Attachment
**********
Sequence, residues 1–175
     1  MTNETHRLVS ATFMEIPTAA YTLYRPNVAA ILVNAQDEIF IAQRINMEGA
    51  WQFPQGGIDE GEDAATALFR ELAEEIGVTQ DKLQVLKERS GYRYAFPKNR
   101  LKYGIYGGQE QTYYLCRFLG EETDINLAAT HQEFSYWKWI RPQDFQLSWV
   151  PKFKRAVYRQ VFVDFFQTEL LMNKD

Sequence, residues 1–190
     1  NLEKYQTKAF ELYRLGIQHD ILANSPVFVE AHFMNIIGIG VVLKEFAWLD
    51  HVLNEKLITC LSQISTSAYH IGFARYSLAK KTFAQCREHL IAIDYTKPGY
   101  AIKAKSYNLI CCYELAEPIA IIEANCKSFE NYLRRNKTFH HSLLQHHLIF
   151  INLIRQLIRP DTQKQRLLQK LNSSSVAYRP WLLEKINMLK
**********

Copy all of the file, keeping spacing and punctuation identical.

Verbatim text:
Sequence, residues 1–175
     1  MTNETHRLVS ATFMEIPTAA YTLYRPNVAA ILVNAQDEIF IAQRINMEGA
    51  WQFPQGGIDE GEDAATALFR ELAEEIGVTQ DKLQVLKERS GYRYAFPKNR
   101  LKYGIYGGQE QTYYLCRFLG EETDINLAAT HQEFSYWKWI RPQDFQLSWV
   151  PKFKRAVYRQ VFVDFFQTEL LMNKD

Sequence, residues 1–190
     1  NLEKYQTKAF ELYRLGIQHD ILANSPVFVE AHFMNIIGIG VVLKEFAWLD
    51  HVLNEKLITC LSQISTSAYH IGFARYSLAK KTFAQCREHL IAIDYTKPGY
   101  AIKAKSYNLI CCYELAEPIA IIEANCKSFE NYLRRNKTFH HSLLQHHLIF
   151  INLIRQLIRP DTQKQRLLQK LNSSSVAYRP WLLEKINMLK